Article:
At last night’s (Tuesday, Sept. 6) Board of Selectmen meeting, the board members were updated on the condition of several of the town’s municipal buildings. Director of facilities and energy management Chris Burney presented what he called a “high level” status report on the conditions of the buildings on the Town Hall campus as well as Wilton’s additional fire house in North Wilton and Miller-Driscoll School.

Firehouse 2

First, he ran through the challenges the town faces in updating the Firehouse 2 annex, noting that the building “needs a major overhaul.” among them were:

  • no potable water
  • no usable on-site or off-site location for new well
  • garage bays don’t fit current fire trucks
  • available water corrodes the fire trucks–the water used to wash off salt in the winter is more corrosive
  • any building upward to expand would require very expensive foundation work because current building doesn’t meet code
  • any building larger that increases the footprint of the building would make the lot a ‘nonconforming’ one with current zoning laws
  • the kitchen, bathroom and gym need to be overhauled
  • no space for increasing staff numbers at that location

The selectmen discussed that moving ahead with this project is dependent on the Fire Commission to present a Statement of Needs. Based on how many calls the trucks average from that station, it’s possible that the station doesn’t need as much additional room as first thought, as officials may not need to increase the current number of two firefighters there.

Police Station

Then he moved to discussing the police station, about which he said, “I think everyone is in agreement is it’s undersized for the services it provides and serious issues from an engineering point of view.”

  • poor insulation
  • difficult to keep comfortable temperature throughout the building
  • designed for a force much smaller than the current one
  • firing range is unusable because of a ventilation problem and lead buildup

Town Hall Campus

All the remaining buildings on the campus are “somewhat in need of some repair or update,” he said, adding that the Annex Building (which is the newest building on campus, but in the worst shape), while Animal Control, Town Hall, the salt shed, the Department of Public Work’s Garage and Fire House are in pretty good shape.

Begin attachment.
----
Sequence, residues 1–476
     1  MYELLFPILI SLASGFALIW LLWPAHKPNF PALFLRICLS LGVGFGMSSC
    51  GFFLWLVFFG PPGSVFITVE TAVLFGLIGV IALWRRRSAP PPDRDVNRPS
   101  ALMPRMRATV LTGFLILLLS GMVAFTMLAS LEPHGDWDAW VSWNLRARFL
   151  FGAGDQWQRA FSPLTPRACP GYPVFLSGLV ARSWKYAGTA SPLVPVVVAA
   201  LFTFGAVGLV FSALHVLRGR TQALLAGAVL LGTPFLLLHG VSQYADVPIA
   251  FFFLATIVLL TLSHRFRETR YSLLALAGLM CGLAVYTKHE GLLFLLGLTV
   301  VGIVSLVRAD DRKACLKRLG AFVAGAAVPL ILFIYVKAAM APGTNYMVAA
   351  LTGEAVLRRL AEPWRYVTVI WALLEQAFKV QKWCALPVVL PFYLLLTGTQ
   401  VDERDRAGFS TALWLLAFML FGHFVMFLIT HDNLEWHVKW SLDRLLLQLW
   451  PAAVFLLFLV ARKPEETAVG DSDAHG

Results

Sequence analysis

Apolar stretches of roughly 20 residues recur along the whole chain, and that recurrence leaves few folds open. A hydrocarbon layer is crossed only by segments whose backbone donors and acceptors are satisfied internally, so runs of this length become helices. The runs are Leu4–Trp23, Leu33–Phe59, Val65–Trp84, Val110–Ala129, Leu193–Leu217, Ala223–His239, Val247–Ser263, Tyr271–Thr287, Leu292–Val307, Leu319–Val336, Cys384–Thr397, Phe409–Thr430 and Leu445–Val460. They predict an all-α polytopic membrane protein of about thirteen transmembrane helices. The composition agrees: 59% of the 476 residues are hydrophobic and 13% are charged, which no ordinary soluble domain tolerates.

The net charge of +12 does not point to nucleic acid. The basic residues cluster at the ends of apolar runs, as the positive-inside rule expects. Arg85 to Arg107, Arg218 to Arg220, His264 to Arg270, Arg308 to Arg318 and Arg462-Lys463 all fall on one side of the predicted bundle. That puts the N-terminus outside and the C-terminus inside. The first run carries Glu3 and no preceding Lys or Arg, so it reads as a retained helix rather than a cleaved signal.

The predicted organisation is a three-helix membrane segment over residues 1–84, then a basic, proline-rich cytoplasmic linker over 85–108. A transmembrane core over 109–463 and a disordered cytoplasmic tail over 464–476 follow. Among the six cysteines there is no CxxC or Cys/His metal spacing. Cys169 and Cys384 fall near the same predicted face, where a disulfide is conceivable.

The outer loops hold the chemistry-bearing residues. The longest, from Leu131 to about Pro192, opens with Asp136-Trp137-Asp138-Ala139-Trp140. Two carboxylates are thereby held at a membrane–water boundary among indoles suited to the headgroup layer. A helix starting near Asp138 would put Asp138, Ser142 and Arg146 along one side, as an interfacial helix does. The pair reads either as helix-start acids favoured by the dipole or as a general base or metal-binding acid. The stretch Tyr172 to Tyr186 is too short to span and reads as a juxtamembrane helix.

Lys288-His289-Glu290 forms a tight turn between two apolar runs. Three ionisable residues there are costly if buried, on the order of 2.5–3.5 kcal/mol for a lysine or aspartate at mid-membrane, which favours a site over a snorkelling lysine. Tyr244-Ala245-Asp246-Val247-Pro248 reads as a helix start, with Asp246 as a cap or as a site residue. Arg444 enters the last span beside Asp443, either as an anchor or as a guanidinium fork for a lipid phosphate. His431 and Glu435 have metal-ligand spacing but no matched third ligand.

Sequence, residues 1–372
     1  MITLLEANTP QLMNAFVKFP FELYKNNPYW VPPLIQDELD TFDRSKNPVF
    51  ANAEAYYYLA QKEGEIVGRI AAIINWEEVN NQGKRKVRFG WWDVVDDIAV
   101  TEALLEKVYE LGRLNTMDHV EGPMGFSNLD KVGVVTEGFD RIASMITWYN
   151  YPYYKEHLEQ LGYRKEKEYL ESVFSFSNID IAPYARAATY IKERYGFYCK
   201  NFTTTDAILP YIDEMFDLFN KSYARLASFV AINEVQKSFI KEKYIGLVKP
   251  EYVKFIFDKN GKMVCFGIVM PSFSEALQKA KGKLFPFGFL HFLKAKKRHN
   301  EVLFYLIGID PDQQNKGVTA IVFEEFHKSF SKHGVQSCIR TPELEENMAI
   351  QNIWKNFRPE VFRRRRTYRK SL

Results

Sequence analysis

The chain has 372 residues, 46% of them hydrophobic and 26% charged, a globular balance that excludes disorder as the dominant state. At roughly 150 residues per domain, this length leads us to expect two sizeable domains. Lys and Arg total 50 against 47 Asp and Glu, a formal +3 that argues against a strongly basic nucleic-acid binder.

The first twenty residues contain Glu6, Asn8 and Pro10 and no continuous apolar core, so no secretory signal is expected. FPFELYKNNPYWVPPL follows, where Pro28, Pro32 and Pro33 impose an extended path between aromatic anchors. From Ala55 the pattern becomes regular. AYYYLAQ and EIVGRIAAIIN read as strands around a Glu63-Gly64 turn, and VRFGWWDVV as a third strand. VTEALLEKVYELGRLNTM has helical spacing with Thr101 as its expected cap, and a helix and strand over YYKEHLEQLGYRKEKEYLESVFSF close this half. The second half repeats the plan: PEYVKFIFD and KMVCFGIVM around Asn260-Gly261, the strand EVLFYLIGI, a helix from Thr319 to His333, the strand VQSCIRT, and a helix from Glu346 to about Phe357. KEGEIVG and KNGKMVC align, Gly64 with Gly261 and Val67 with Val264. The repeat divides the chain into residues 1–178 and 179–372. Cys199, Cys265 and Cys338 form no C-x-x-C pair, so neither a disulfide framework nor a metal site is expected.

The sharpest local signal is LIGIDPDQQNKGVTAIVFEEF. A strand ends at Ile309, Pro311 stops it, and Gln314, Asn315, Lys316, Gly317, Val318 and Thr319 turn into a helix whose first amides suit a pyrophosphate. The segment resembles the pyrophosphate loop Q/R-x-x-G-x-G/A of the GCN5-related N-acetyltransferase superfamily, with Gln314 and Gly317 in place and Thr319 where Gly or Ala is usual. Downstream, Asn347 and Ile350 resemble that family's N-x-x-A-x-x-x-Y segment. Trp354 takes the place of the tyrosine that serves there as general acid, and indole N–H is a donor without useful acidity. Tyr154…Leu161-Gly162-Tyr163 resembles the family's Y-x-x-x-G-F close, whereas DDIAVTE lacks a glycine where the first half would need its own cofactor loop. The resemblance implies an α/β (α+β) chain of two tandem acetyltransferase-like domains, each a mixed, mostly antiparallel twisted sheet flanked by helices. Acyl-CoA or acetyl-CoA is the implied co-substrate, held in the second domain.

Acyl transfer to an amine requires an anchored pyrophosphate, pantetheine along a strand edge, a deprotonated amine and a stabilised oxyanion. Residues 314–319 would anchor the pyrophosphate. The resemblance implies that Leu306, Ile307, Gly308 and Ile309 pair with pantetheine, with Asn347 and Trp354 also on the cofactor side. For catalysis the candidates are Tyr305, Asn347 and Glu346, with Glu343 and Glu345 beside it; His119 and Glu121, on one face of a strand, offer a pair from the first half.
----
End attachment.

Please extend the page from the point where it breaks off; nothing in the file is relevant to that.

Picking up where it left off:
“What that tells me is if we looked at only the police station as in need of expansion we would not be looking at the larger picture. The larger picture is, What do we need to do to provide for consolidated services, so that we could perhaps build over the police station [and] go back over the parking lot to provide covered parking; provide more space so that we could move people out of the Annex so we can demolish the Annex, which is inefficient in terms of its utilities and space utilization.”

Acknowledging recent public comments criticism that the town has too much empty space (including rooms within the newly-renovated Miller-Driscoll School), Burney said that he and first selectman Lynne Vanderslice planned to take an inventory of space in every building in town.

“Every building, including the Board of Ed; every room; every occupant, what’s in it, what should they have, what do they have–to try to put a bottom line for the number that says we have more space than we need, or we have less space then we need, or (I think is more realistic) we can use it in a more efficient way,” Burney said.

He estimated such a survey would take approximately six months.

Miller-Driscoll School

Burney reported that Miller-Driscoll opened for the first day of school yesterday, after holding a successful Meet the Teacher even the prior week, and that things were looking positive.

“I would say that for the first time since I’ve been here I’ve not had one negative comment about Miller-Driscoll. That’s good news. The parents like it, the teachers love it, and we’ve improved services, and everyone is excited about the future,” he said, adding that the new addition should be completed in 8 weeks, and the Board of Education will then decide when teachers can start to occupy that part of the building, based on the school calendar.

Vanderslice commended Burney and the officials involved in the construction on being able to get the building open in time for the start of the school year. “Everyone did a phenomenal job in getting this school ready. It’s an amazing job by everybody.”

She specifically mentioned Mike Douyard, the Turner Construction project manager on the renovation. “There’s nobody better than Mike. I’m thrilled he was on this project,” said Vanderslice, adding that he worked well with Burney.